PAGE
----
Datapoint (my general considerations/thought processes around this, feeding into case-by case decisions about my own activities rather than a blanket decision): I am (young healthy male) pretty unconcerned personally about risk to myself individually; but quite concerned about becoming a vector for spread (especially to older or less robust people). While I have a higher-than-some-people personal risk tolerance, I don’t like the idea of imposing my risk tolerance on others. Particularly when travelling/fatigued/jetlagged, I’m not 100% sure I trust my own attention to detail quite enough on reliably taking all the necessary steps carefully enough, so this makes me a little hesitant to take on long-haul travel to international events (I also work/interact with older colleagues reasonably regularly, and am concerned re: the indirect activities of my actions on them).
I would also like to see society-level actions that reduce disease spread, and I intuitively feel that EA should be a participant in such actions, given it takes such risks seriously as a community.
The information Singapore is gathering, collating and making available is fascinating.
Singapore is also one of the nations that appears to be dealing most effectively with their coronavirus outbreak (rate of new cases is comparatively low). The country also had a very effective response to SARS in 2003. (Although by Western standards the extent to which they gather information on the population might be uncomfortable).
6 deaths now reported in Washington State is also consistent with the outbreak there being substantially larger than the 14 cases currently recorded.
FYI, sequencing from the Snohomish county washington cases suggest there has been cryptic transmission in washington state for the last 3-6 weeks, and potentially a substantial outbreak (a few hundred cases) ongoing in washington state (likely missed because of the focus on travellers returning from China).
Too early to have confidence on higher temperatures limiting spread IMO (although some reason to hope, certainly); cases in japan are only <2.5x higher than singapore (234 vs 102 last I saw, and IIRC it got to japan slightly earlier); surveillance and testing in African nations unlikely to be as extensive as e.g. Japan/SK; likely less volume of travel going through african nations than some of the Asian hubs.
I must admit, I would not make the same bet at the same odds on the 27th of February 2020.
Well done on your charitable giving, and thank you for sharing! For me, it’s important and inspirational to hear about giving at all levels (and sometimes we hear less about giving at the level less high-earning people can afford, so this is great).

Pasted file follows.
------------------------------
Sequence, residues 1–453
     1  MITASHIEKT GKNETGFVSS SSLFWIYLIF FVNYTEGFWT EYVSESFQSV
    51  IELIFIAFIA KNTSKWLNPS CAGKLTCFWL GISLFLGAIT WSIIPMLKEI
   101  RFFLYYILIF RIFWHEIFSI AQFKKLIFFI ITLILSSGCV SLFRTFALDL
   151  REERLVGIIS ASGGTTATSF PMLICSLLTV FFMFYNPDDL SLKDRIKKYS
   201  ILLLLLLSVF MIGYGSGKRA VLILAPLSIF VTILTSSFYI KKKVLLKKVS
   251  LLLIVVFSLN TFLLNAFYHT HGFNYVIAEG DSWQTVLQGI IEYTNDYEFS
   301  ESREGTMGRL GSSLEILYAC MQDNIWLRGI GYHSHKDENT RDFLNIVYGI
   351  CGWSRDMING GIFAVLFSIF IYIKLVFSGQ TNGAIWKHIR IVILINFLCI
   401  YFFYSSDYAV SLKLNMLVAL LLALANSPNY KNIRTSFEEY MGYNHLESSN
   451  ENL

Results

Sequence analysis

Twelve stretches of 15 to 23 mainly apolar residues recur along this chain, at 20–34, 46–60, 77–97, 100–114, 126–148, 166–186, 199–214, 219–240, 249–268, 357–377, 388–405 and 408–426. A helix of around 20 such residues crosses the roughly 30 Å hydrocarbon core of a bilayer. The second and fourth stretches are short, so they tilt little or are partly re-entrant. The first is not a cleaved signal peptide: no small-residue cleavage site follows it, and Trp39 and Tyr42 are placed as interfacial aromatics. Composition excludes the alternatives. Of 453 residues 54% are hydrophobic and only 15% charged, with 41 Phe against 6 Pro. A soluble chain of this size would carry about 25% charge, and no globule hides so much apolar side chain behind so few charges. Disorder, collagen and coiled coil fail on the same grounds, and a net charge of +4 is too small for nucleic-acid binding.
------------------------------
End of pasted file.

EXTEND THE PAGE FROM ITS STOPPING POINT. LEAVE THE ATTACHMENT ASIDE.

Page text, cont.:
Sorry I missed this. My strongest responses over the last while have fallen into the categories of: (1) responding to people claiming existential risk-or-approaching potential (or sharing papers by people like Taleb stating we are entering a phase where this is near-certain; e.g. https://static1.squarespace.com/static/5b68a4e4a2772c2a206180a1/t/5e2efaa2ff2cf27efbe8fc91/1580137123173/Systemic_Risk_of_Pandemic_via_Novel_Path.pdf
(shared in one xrisk group, for example, as “X-riskers, it would appear your time is now: “With increasing transportation we are close to a transition to conditions in which extinction becomes certain both because of rapid spread and because of the selective dominance of increasingly worse pathogens.”. My response: “We are **not** “close to a transition to conditions in which extinction becomes certain both because of rapid spread and because of the selective dominance of increasingly worse pathogens”.)
Or, responding to speculation that nCov is a deliberately developed bioweapon, or was accidentally released from a BSL4 lab in Wuhan. There isn’t evidence for either of these and I think they are unhelpful types of speculation to be made without evidence, and such speculations can spread widely. Further, some people making the latter speculation didn’t seem to be aware what a common class of virus coronaviruses are (ranging from common cold thru to SARS). Whether or not a coronavirus was being studied at the Wuhan lab, I think it would not be a major coincidence to find a lab studying a coronavirus in a major city.
A third example was clarifying that the event 201 exercise Johns Hopkins did (which involved 65 million hypothetical deaths) was a tabletop simulation , not a prediction, and therefore could not be used to extrapolate an expectation of 65 million deaths from the current outbreak.
I made various other comments as part of discussions, but more providing context or points for discussion etc as I recall as opposed to disagreeing per se, and don’t have time to dig them up.